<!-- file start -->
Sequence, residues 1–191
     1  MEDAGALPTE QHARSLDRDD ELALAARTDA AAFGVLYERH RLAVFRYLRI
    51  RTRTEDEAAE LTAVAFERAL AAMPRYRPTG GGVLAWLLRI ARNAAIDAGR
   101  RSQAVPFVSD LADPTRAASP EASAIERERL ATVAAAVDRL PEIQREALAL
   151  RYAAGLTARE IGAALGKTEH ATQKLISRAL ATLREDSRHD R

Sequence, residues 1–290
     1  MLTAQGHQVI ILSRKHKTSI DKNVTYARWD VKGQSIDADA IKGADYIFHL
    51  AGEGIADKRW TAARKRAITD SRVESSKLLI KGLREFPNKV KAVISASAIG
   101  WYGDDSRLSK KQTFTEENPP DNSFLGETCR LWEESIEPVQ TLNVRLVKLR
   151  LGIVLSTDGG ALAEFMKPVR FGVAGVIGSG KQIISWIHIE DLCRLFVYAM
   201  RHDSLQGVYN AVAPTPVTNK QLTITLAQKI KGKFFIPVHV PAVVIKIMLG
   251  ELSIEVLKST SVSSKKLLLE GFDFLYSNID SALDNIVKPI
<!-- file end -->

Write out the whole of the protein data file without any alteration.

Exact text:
Sequence, residues 1–191
     1  MEDAGALPTE QHARSLDRDD ELALAARTDA AAFGVLYERH RLAVFRYLRI
    51  RTRTEDEAAE LTAVAFERAL AAMPRYRPTG GGVLAWLLRI ARNAAIDAGR
   101  RSQAVPFVSD LADPTRAASP EASAIERERL ATVAAAVDRL PEIQREALAL
   151  RYAAGLTARE IGAALGKTEH ATQKLISRAL ATLREDSRHD R

Sequence, residues 1–290
     1  MLTAQGHQVI ILSRKHKTSI DKNVTYARWD VKGQSIDADA IKGADYIFHL
    51  AGEGIADKRW TAARKRAITD SRVESSKLLI KGLREFPNKV KAVISASAIG
   101  WYGDDSRLSK KQTFTEENPP DNSFLGETCR LWEESIEPVQ TLNVRLVKLR
   151  LGIVLSTDGG ALAEFMKPVR FGVAGVIGSG KQIISWIHIE DLCRLFVYAM
   201  RHDSLQGVYN AVAPTPVTNK QLTITLAQKI KGKFFIPVHV PAVVIKIMLG
   251  ELSIEVLKST SVSSKKLLLE GFDFLYSNID SALDNIVKPI